1. Multimedia and self-regulated learning
Projects in this line of research investigate how to support self-regulated understanding of complex contents (e.g., statistical concepts).
Three factors set this research apart from traditional research in this area, i.e.
explicit consideration of the interaction of individual and collaborative learning processes,
development and evaluation of innovative tools to support learning, and
their application within formal and informal educational scenarios (e.g., school, university, museum, library and internet).
2. Cognitive Group Awareness and social navigation
Projects in this line of research investigate how providing social cognitive information to communicating partners affect behaviour and cognition. Examples include information on knowledge and opinions.
In contrast to traditional research in this area focused on deficits of network-based cooperation, we target specific potentials of computer-based information exchange.
The assessment, transformation and visualization of knowledge and opinions aim at supporting an efficient, structured and detailed search for information, as well as effective processing and communication of content (e.g., by raising awareness about differences in knowledge or opinion controversies).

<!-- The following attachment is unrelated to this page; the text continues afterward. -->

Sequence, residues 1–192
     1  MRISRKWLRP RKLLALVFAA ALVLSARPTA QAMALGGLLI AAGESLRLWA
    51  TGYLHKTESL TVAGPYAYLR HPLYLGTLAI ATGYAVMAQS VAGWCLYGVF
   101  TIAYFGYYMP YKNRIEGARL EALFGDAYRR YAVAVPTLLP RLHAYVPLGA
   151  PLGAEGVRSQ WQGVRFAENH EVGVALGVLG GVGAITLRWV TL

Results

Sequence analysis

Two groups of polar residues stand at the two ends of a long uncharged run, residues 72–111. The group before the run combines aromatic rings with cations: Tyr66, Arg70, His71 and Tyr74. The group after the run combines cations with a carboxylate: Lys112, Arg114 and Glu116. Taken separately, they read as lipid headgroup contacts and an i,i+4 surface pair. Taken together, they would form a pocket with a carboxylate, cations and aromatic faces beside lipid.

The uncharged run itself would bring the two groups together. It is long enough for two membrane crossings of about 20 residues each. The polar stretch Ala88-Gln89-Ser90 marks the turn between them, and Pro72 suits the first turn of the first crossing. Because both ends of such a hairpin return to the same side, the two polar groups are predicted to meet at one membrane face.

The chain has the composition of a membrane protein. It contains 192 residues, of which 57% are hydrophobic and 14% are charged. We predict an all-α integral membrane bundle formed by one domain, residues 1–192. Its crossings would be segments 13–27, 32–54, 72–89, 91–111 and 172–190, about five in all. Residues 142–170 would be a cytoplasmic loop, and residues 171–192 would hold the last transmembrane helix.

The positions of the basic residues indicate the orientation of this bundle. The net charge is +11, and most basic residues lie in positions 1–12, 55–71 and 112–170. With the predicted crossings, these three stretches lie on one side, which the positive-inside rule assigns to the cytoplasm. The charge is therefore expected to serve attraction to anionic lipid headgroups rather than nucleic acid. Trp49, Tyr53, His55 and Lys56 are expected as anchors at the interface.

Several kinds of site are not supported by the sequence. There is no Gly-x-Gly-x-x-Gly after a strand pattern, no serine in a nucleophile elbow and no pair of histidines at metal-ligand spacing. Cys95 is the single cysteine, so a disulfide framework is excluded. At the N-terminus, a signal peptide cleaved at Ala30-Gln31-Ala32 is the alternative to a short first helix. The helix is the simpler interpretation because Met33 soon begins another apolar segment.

3. Methods to analyze social interaction processes
This area of research seeks innovative ways to link psychological research methods with methods of computer science to acquire knowledge about structures of social interaction processes as well as their intercorrelations and differences.
These research topics include interdisciplinary challenges, such as:
making the large and dynamic amounts of data accumulating in web 2.0 applications available for systematic statistical analyses comparing different interaction scenarios and
automating analyses in order to provide user-specific information (e.g., recommender systems)